Philanthropy and the Limits of Accountability: A Relationship of Respect and Clarity



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A new report, Philanthropy and the Limits of Accountability: A Relationship of Respect and Clarity, a joint effort by the Kettering Foundation and Philanthropy for Active Civic Engagement (PACE), explores how the field of organized philanthropy might think about responding to a growing movement for accountability and transparency.

The report, written by Kettering Foundation program officer Brad Rourke, distills the results of three roundtables, in addition to one-on-one conversations, with philanthropic and nonprofit leaders about how the issues of transparency and accountability might soon impact the field of philanthropy.

Among the report’s main findings:

  • Philanthropy is at a crossroads as it experiences increased pressure from all sides to solve public problems and to be more accountable for outcomes.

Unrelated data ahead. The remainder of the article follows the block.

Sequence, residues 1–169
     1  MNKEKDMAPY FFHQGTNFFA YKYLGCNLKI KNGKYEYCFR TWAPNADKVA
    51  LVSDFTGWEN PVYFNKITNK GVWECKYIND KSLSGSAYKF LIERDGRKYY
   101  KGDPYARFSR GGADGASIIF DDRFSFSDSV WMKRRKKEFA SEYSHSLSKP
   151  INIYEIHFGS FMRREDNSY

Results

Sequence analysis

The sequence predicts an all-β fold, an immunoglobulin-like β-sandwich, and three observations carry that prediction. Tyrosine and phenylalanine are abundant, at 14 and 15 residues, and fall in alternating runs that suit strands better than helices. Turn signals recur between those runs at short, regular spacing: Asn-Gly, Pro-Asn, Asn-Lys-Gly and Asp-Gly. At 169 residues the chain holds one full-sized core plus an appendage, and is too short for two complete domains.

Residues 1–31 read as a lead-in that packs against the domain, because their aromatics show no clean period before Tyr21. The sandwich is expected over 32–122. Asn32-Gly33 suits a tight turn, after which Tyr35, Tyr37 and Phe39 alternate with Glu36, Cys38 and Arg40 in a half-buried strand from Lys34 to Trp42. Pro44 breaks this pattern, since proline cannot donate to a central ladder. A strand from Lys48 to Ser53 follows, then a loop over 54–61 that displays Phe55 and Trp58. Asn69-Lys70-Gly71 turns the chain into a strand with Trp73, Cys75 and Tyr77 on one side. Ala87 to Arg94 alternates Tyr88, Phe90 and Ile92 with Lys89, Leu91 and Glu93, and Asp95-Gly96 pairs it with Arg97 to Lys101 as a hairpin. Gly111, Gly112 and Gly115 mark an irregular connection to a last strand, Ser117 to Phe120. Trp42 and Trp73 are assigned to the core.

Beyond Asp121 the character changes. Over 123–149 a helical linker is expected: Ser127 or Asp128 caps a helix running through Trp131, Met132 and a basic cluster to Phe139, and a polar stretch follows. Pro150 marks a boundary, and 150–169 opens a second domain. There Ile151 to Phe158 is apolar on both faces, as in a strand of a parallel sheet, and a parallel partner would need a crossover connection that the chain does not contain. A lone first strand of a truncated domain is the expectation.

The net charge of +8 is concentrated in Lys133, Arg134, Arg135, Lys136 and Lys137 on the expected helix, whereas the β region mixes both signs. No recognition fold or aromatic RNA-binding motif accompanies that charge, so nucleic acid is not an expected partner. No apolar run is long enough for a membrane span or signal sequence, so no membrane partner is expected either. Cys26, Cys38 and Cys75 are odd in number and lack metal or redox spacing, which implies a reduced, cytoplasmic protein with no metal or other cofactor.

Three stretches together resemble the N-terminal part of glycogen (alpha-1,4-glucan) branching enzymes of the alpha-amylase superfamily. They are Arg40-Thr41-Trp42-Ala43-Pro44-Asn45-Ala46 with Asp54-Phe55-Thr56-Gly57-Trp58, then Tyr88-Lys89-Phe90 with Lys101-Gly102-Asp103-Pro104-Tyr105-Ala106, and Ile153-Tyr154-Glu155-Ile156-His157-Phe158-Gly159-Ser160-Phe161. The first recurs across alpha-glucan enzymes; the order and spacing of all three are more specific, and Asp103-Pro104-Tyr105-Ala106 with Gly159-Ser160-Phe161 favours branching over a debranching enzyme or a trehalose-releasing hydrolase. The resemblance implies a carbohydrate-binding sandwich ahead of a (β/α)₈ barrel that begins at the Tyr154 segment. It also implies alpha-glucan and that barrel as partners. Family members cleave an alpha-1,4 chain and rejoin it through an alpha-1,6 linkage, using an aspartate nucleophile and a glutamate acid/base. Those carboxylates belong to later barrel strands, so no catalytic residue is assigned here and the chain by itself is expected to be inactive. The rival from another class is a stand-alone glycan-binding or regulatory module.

• Transparency may be a necessary component of accountability, but it is not sufficient and too often may be obfuscating.
  • Strategic philanthropy may paradoxically tend to make philanthropic organizations seem less accountable and more risk averse.
  • Accountability isn’t just about data transparency. It’s also about relationships.

The full report, which includes a foreword by Chris Gates, executive director of PACE, is available as a free download.

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